Mansaray and his co-conspirators, who were other tax preparers at Medman’s, obtained the stolen personal IDs of foster children and used that information to claim fraudulent dependents on numerous returns prepared for Philadelphia clients. The stolen IDs were purchased from Gebah Kamara, a former Catholic Social Services employee, who has been sentenced to 30 months in prison. Kamara was paid some $200 to $300 for each child’s ID used.
Mansaray charged clients as much as $800 for fraudulently including a false dependent on an income tax return. More than 300 foster children’s identities were stolen and misused during the scheme.
Mansaray was first charged with conspiring to defraud the Internal Revenue Service and aiding and abetting the preparation of false federal income tax returns in 2013. He pleaded guilty to those charges in 2014. Additional investigation showed that after he pled guilty Mansaray continued to prepare fraudulent returns for clients. His bail was revoked and he was imprisoned in May 2016 after he was charged again with numerous additional counts of aiding and abetting the preparation of false federal income tax returns, wire fraud, and aggravated identity theft. Mansaray pleaded guilty to those charges in March.
Germantown, Ohio: Businessman James Wright, 62, who controlled the operation of an anti-aging skincare business in Dayton, Ohio, has been convicted of seven counts of filing false corporate, individual and private foundation returns.
According to the indictment and evidence at trial, Wright ran the day-to-day operations of B&P Co., which manufactured and sold an array of skincare products, including Frownies, a wrinkle-reduction product endorsed by celebrities. Wright’s great-grandmother invented Frownies in 1889 and the product has been sold by his family ever since.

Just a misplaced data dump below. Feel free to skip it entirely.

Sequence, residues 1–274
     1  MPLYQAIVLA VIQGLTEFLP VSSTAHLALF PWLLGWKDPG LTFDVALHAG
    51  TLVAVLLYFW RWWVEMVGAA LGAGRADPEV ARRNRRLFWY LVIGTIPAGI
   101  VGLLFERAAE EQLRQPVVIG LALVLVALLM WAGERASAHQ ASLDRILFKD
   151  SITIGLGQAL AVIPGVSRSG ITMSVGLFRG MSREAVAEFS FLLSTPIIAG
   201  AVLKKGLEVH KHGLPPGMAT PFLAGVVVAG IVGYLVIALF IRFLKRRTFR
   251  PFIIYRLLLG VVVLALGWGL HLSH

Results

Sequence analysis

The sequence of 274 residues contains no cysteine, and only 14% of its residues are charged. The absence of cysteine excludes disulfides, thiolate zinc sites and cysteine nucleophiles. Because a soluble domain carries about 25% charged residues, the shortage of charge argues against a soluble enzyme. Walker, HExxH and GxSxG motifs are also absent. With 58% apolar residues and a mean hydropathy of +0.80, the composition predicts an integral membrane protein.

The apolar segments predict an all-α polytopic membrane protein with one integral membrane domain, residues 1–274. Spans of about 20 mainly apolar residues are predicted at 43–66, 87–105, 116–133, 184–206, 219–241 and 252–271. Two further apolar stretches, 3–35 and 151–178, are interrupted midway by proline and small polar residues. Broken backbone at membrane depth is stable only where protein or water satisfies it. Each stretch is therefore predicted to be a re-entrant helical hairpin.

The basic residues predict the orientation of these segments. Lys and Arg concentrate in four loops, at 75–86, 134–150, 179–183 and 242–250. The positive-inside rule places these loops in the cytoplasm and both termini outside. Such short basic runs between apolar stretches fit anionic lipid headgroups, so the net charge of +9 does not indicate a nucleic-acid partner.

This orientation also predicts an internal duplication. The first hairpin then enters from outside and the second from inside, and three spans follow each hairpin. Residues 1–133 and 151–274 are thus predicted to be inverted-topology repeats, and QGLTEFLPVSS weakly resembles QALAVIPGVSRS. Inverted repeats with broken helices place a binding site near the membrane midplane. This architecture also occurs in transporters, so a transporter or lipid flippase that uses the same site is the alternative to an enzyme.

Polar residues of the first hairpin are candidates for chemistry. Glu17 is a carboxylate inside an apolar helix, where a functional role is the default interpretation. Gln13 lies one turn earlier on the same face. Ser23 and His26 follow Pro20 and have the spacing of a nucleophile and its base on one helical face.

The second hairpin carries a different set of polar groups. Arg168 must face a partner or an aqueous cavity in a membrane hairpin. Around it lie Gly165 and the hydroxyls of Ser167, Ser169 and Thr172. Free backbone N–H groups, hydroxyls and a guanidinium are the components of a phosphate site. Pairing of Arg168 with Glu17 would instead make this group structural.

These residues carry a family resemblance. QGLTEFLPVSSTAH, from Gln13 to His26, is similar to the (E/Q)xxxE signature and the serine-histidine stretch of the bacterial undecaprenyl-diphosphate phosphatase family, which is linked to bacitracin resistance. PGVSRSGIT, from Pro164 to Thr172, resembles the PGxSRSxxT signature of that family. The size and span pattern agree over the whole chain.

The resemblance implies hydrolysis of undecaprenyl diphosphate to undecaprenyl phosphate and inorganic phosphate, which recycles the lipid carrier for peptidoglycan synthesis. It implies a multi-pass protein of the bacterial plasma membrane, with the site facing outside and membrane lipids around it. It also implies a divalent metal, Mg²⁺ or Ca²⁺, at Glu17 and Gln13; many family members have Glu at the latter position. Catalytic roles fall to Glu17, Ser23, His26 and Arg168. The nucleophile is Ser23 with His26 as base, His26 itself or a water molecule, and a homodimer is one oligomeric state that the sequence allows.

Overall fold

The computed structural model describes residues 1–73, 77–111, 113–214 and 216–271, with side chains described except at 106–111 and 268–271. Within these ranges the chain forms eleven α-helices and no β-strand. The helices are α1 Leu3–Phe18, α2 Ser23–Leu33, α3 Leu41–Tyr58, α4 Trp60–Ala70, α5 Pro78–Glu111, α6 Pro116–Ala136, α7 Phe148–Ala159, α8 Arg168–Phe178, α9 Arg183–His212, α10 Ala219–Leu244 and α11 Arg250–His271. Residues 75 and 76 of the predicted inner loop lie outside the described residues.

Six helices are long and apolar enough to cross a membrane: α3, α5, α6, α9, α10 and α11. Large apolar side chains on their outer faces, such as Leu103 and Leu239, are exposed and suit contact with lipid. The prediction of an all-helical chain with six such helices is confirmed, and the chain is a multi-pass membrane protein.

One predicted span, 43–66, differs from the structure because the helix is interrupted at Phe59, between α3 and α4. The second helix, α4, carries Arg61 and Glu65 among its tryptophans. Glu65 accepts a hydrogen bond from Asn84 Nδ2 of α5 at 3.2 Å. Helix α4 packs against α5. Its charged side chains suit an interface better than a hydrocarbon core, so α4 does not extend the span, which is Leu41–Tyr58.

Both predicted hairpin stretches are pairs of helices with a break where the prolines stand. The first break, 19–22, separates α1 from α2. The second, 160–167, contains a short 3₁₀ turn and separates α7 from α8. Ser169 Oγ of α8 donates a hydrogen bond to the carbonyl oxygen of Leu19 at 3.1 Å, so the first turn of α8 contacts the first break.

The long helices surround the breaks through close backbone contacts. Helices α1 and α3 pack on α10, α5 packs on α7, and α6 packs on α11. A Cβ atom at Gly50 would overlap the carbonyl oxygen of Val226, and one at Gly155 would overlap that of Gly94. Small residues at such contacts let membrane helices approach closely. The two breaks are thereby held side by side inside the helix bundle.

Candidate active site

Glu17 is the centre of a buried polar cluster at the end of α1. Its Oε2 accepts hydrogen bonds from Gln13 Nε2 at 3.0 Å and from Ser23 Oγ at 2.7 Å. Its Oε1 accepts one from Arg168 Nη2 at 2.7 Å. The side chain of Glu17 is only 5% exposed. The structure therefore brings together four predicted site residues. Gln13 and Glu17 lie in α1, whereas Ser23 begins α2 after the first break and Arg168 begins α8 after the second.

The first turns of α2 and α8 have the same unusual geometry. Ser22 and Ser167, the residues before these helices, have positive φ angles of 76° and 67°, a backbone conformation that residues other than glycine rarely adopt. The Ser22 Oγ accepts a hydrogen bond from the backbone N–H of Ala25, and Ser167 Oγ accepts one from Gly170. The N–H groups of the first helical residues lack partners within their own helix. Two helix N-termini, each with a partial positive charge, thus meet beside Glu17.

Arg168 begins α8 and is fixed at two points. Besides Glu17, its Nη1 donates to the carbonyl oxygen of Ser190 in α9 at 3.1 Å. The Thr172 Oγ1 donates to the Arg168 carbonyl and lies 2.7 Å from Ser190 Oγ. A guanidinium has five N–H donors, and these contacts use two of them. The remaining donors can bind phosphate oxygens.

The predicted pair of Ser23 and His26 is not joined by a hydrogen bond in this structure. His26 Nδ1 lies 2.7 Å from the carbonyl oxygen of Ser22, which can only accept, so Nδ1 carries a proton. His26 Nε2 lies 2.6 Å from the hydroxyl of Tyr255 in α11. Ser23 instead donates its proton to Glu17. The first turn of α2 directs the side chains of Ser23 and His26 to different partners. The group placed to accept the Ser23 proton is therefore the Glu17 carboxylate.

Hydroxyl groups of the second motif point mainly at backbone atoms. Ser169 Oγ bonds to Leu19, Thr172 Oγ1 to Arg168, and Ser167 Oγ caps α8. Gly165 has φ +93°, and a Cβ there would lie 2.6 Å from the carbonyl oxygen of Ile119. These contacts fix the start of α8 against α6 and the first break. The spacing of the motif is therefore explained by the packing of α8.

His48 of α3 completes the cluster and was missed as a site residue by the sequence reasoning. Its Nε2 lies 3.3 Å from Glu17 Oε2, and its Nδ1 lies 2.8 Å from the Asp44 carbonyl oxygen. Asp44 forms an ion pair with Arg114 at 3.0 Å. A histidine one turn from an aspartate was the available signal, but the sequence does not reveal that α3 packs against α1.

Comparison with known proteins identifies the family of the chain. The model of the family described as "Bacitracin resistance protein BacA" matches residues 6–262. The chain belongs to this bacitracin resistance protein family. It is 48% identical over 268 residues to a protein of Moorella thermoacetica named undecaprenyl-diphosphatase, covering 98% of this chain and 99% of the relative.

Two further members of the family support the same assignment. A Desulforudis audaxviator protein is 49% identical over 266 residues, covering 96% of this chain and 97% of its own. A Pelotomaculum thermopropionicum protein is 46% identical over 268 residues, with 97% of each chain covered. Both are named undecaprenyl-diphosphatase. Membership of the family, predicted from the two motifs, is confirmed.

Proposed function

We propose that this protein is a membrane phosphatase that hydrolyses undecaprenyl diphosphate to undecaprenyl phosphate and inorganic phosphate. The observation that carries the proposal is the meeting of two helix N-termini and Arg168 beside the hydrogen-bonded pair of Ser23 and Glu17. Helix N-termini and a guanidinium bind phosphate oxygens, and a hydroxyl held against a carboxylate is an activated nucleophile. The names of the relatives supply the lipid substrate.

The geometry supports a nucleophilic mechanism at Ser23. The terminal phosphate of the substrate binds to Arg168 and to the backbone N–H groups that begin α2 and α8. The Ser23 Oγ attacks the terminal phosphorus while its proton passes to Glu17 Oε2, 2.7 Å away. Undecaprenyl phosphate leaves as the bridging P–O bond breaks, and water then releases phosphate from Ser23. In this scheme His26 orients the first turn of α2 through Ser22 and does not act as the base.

Beginning in the late 1990s, Wright formed a series of entities that he used to divert money from B&P to himself and members of his family. Instead of receiving a salary from B&P, Wright incorporated a company called The Remnant Inc., to which B&P paid “management fees.” Wright caused the preparation of false corporate returns for The Remnant on which he deducted personal expenses, including rent, utilities and pool and lawn care for his residence.
Wright also used funds from The Remnant’s bank accounts to pay rent for one of his daughters in New York and California and paid personal expenses directly out of B&P’s bank accounts as well. He directed employees of B&P to use corporate funds to pay for the rent and utilities at an apartment rented by his mother as well as rent for his daughter in New York.
In 2004, Wright applied to the IRS for nonprofit status for a private foundation called Fore Fathers Foundation. Wright caused B&P to make donations to the foundation and then used more than $170,000 of the foundation’s funds over a seven-year period to pay for high school and college tuition for all five of his children.
According to testimony at trial, these payments constituted acts of self-dealing that Wright was required to disclose on the foundation’s returns and pay excise taxes on. When Wright filed the foundation’s 2003 through 2009 returns, however, he falsely reported that he had not engaged in acts of self-dealing and failed to pay the excise taxes due on the distributions.
Evidence established that Wright had a long history of interactions with the IRS. In 1998, he pleaded guilty to tax evasion for using trusts to conceal income from the IRS; this case arose from an audit of Wright’s individual income tax returns. In 2002, the IRS initiated an audit of The Remnant’s income tax returns. During a 2010 audit of B&P’s income tax returns, Wright falsely stated to a revenue agent that he had no prior dealings with the IRS.
Wright faces a maximum of three years in prison on each count, as well as a period of supervised release, restitution and monetary penalties.